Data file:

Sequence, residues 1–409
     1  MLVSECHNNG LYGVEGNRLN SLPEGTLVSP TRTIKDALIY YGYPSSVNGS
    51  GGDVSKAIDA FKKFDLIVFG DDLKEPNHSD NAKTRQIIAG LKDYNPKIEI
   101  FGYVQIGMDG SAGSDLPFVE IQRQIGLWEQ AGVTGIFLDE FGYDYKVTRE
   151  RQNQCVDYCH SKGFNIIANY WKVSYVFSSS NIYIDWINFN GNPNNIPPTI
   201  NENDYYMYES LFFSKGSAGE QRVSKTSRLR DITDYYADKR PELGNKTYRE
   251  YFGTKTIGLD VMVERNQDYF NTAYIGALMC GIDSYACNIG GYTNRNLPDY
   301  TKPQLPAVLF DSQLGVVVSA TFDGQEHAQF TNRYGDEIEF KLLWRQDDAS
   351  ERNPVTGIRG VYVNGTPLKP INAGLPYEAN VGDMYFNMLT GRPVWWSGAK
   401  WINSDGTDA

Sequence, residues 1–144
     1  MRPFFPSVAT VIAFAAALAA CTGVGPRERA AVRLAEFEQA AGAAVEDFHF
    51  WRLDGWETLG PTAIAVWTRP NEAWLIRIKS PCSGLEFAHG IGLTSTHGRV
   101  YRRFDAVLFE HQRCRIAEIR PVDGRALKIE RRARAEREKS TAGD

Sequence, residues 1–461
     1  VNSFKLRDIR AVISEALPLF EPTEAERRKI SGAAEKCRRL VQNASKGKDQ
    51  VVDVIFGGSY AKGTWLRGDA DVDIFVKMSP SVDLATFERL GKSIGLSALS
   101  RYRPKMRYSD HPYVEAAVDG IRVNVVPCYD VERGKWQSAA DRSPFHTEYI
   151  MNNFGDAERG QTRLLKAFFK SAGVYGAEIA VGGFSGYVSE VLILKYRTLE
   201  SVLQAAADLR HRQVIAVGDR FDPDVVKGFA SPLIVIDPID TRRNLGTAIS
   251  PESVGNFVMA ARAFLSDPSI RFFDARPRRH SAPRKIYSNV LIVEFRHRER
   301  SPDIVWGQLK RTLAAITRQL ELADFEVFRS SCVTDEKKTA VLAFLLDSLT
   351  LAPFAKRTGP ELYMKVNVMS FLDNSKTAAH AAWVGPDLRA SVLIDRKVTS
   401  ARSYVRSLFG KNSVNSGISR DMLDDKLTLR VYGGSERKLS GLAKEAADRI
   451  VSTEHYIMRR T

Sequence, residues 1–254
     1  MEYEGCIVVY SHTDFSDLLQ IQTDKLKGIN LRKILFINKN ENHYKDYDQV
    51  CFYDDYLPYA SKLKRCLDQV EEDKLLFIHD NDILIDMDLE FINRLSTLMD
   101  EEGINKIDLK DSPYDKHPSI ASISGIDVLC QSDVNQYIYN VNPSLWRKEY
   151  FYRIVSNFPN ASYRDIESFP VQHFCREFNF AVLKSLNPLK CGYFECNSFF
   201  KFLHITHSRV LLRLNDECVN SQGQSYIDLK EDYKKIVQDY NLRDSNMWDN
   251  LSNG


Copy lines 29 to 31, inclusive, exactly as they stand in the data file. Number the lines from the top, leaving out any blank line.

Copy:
   101  EEGINKIDLK DSPYDKHPSI ASISGIDVLC QSDVNQYIYN VNPSLWRKEY
   151  FYRIVSNFPN ASYRDIESFP VQHFCREFNF AVLKSLNPLK CGYFECNSFF
   201  KFLHITHSRV LLRLNDECVN SQGQSYIDLK EDYKKIVQDY NLRDSNMWDN